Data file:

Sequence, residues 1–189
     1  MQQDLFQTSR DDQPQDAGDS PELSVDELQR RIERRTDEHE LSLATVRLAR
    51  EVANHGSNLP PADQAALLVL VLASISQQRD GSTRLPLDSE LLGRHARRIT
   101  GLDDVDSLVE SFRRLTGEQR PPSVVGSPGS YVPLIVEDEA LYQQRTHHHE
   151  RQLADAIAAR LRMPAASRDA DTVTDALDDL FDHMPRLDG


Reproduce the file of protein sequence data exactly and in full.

Sequence, residues 1–189
     1  MQQDLFQTSR DDQPQDAGDS PELSVDELQR RIERRTDEHE LSLATVRLAR
    51  EVANHGSNLP PADQAALLVL VLASISQQRD GSTRLPLDSE LLGRHARRIT
   101  GLDDVDSLVE SFRRLTGEQR PPSVVGSPGS YVPLIVEDEA LYQQRTHHHE
   151  RQLADAIAAR LRMPAASRDA DTVTDALDDL FDHMPRLDG